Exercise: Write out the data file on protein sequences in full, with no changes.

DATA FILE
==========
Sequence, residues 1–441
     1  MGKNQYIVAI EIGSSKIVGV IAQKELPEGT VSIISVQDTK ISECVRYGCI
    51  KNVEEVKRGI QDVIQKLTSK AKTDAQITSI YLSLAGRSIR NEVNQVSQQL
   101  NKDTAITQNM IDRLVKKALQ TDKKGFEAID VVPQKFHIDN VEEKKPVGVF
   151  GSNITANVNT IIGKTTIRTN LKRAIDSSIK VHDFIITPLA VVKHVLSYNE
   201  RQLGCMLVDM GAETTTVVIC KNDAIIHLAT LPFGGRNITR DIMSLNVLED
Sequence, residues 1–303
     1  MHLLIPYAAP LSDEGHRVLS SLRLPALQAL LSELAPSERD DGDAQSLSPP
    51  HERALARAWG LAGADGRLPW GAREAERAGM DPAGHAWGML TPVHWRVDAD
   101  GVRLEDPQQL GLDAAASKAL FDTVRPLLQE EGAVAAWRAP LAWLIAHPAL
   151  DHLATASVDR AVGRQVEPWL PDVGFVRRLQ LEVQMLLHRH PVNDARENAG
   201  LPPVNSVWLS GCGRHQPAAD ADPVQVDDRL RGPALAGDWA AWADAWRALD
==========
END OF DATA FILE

Sequence, residues 1–441
     1  MGKNQYIVAI EIGSSKIVGV IAQKELPEGT VSIISVQDTK ISECVRYGCI
    51  KNVEEVKRGI QDVIQKLTSK AKTDAQITSI YLSLAGRSIR NEVNQVSQQL
   101  NKDTAITQNM IDRLVKKALQ TDKKGFEAID VVPQKFHIDN VEEKKPVGVF
   151  GSNITANVNT IIGKTTIRTN LKRAIDSSIK VHDFIITPLA VVKHVLSYNE
   201  RQLGCMLVDM GAETTTVVIC KNDAIIHLAT LPFGGRNITR DIMSLNVLED
Sequence, residues 1–303
     1  MHLLIPYAAP LSDEGHRVLS SLRLPALQAL LSELAPSERD DGDAQSLSPP
    51  HERALARAWG LAGADGRLPW GAREAERAGM DPAGHAWGML TPVHWRVDAD
   101  GVRLEDPQQL GLDAAASKAL FDTVRPLLQE EGAVAAWRAP LAWLIAHPAL
   151  DHLATASVDR AVGRQVEPWL PDVGFVRRLQ LEVQMLLHRH PVNDARENAG
   201  LPPVNSVWLS GCGRHQPAAD ADPVQVDDRL RGPALAGDWA AWADAWRALD